Forum for Science, Industry and Business

Sponsored by:     3M 
Search our Site:

 

Self-assembling Nano-fiber Gel Delivers High Concentrations of Clinically Approved Drugs

23.10.2008
Scientists have developed a new self-assembling hydrogel drug delivery system that is biocompatible, efficient at drug release, and easy to tailor. Importantly, these structures can deliver clinically approved drugs in high concentrations without requiring carriers for the drug or generating toxic components, a problem with hydrogel systems until now.

Two teams of scientists from Harvard-MIT Division of Health Science and Technology at Brigham and Women’s Hospital have developed a new self-assembling hydrogel drug delivery system that is biocompatible, efficient at drug release, and easy to tailor.

Importantly, these structures can deliver clinically approved drugs in high concentrations without requiring carriers for the drug or generating toxic components, a problem with hydrogel systems until now.

The findings, which are now available on Science Direct, will be published in the Nov. 25 issue of Biomaterials.

“This strategy could serve as the platform technology for developing drug-based delivery carriers that can release drugs such as anti-inflammatory agents on demand in response to inflammation, for example,” says Jeffery Karp, MD, instructor of medicine at the HST Center for Biomedical Engineering at the Brigham and Women’s Hospital and a co-corresponding author on this manuscript.

“Converting known, clinically-practicing drugs into amphiphilic molecules which can undergo self-assembly is the key development in our present research; this may eliminate the need for an external carrier for delivering drugs,” says Praveen Kumar Vemula, PhD, research fellow in medicine at Brigham and Women’s Hospital.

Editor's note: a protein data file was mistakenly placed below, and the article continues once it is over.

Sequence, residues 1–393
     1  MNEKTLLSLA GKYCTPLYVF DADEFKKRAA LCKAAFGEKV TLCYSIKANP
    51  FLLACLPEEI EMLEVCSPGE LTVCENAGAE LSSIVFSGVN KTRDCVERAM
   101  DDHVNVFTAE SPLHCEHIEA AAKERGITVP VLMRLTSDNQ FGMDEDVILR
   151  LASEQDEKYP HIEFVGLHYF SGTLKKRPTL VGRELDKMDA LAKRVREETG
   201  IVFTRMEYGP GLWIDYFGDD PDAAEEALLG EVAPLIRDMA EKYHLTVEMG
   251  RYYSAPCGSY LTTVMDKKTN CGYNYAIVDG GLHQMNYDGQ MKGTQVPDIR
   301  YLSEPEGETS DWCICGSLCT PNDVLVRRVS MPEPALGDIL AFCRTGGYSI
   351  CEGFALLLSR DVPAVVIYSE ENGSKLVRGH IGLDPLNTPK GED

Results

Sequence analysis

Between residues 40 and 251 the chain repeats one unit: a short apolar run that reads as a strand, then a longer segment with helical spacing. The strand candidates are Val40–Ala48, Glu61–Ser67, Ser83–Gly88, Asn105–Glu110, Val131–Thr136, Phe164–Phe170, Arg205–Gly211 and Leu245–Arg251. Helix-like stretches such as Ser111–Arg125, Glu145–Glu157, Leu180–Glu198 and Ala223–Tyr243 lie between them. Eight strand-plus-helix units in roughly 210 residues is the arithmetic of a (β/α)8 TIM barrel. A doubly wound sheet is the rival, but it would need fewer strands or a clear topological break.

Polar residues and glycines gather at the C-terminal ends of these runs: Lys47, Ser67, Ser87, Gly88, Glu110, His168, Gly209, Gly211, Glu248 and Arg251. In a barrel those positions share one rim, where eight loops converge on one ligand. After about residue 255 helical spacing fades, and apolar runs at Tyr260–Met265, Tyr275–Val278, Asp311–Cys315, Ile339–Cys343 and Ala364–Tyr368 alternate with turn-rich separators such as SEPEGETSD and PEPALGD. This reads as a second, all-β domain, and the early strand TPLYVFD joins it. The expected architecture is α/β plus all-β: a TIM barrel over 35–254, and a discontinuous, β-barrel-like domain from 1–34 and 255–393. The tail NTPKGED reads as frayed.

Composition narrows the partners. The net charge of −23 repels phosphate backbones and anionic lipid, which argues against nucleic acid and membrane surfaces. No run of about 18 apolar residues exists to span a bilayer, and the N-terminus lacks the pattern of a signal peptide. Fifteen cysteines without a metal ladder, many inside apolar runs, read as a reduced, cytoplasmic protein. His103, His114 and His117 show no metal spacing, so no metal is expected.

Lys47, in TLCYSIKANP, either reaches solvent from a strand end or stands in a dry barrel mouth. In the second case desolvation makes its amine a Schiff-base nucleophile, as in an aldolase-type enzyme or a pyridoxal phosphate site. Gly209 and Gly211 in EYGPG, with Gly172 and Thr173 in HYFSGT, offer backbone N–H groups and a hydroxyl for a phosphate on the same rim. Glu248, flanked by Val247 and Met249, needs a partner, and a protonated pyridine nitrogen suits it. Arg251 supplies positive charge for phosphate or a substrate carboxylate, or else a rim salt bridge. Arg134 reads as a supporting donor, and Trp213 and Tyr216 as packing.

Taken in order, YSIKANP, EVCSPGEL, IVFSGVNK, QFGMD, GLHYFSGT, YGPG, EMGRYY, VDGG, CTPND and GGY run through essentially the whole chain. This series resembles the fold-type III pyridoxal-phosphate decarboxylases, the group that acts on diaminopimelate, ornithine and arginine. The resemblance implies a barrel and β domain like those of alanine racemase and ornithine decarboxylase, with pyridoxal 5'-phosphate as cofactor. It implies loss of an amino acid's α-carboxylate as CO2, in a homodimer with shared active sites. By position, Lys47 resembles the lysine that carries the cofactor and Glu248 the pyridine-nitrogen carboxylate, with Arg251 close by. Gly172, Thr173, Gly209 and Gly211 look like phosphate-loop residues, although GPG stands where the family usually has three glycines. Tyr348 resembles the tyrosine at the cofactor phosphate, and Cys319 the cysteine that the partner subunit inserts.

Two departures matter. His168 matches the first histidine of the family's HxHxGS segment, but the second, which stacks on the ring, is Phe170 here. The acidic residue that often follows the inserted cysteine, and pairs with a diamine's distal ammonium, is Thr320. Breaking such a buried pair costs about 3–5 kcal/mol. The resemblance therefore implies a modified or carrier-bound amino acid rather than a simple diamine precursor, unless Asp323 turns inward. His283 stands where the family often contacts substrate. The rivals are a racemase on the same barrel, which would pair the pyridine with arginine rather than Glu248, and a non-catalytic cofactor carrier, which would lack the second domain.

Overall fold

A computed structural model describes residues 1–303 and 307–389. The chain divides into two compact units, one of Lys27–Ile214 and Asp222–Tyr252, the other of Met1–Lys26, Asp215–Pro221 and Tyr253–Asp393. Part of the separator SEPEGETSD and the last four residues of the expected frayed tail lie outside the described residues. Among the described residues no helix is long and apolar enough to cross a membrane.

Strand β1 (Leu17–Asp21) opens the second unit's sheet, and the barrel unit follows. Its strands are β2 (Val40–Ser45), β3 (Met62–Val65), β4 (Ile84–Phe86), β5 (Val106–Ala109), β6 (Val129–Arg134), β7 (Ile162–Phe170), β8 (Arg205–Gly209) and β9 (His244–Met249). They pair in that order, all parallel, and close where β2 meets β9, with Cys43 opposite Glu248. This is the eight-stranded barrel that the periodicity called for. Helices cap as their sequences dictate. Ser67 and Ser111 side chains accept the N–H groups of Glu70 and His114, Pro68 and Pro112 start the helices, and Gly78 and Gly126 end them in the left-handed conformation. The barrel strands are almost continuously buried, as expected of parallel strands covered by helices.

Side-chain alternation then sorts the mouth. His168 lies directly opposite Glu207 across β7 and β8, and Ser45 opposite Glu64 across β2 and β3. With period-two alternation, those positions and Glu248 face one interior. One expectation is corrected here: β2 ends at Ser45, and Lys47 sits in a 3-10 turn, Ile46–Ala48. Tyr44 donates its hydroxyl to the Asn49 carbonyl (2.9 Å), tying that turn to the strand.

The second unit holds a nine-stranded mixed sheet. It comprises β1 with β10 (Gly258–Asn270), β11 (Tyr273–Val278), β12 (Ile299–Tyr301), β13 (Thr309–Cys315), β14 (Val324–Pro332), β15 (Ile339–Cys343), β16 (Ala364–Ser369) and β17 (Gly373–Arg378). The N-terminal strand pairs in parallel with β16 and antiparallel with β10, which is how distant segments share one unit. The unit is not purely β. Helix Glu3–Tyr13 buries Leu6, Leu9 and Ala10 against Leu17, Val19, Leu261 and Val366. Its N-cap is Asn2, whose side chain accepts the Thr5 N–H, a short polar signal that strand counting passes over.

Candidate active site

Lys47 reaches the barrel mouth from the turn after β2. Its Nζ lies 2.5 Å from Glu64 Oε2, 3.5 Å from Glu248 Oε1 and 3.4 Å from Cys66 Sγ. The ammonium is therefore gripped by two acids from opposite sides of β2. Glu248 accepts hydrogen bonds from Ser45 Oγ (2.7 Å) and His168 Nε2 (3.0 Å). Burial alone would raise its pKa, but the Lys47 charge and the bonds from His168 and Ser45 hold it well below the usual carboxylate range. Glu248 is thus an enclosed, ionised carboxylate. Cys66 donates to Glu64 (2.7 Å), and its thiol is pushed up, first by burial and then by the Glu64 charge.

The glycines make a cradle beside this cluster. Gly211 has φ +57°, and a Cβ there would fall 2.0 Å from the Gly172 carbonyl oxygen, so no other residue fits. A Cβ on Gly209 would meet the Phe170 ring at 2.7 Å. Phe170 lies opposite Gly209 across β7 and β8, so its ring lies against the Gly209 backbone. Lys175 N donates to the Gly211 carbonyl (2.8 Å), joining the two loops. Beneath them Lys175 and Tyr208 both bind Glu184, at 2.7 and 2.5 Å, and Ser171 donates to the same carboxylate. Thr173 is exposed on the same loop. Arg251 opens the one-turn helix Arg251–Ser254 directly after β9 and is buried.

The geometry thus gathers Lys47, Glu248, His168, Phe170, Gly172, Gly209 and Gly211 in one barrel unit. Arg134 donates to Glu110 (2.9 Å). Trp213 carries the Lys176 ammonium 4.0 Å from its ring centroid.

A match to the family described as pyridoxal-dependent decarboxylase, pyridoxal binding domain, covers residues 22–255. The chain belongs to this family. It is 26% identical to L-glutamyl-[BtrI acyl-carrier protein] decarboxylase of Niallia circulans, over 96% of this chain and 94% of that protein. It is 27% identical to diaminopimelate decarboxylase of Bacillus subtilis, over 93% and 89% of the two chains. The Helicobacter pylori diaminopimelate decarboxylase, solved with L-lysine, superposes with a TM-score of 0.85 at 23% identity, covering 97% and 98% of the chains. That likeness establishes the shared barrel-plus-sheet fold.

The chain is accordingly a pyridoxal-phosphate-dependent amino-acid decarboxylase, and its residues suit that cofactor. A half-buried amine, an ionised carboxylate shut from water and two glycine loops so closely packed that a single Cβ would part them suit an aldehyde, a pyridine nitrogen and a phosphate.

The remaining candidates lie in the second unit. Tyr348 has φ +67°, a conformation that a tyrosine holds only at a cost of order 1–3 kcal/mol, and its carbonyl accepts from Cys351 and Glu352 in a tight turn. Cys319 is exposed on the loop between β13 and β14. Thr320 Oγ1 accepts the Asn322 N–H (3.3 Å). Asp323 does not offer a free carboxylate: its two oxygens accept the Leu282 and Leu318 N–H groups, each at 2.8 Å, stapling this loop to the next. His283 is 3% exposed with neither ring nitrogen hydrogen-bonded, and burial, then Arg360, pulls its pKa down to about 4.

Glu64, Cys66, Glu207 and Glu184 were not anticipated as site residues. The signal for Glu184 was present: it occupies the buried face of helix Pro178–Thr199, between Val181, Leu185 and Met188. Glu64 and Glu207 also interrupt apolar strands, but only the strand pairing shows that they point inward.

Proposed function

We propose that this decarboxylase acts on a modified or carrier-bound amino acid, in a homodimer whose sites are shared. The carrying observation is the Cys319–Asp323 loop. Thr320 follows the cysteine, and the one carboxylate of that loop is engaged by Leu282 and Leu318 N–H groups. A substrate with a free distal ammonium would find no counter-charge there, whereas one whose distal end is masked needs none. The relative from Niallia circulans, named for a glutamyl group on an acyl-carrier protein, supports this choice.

“Enzyme triggered gel degradation has been our key strength, which played a major role in developing these delivery vehicles from drugs-based hydrogels,” says another leading investigator Dr. George John who is associate professor at City College of New York. Gregory Cruikshank, another author of the article is at present working in Albert Einstein College of Medicine of Yeshiva University.

This work was supported (in part) by a grant from the City University of New York PSC-CUNY research award program. Brenntag North American provided enzyme samples.

The Harvard-MIT Division of Health Sciences and Technology (HST) brings together the Massachusetts Institute of Technology (MIT), Harvard Medical School (HMS), Harvard University, the Boston area teaching hospitals and an assortment of research centers in a unique collaboration that integrates science, medicine and engineering to solve problems in human health.

Laurie Pass | Newswise Science News
Further information:
http://www.mit.edu

Further reports about: Gel Hydrogel Nano-fiber Nano-fiber Gel deliver delivery drugs enzyme samples hydrogel systems

More articles from Life Sciences:

nachricht Closing in on advanced prostate cancer
13.12.2017 | Institute for Research in Biomedicine (IRB Barcelona)

nachricht Visualizing single molecules in whole cells with a new spin
13.12.2017 | Wyss Institute for Biologically Inspired Engineering at Harvard

All articles from Life Sciences >>>

The most recent press releases about innovation >>>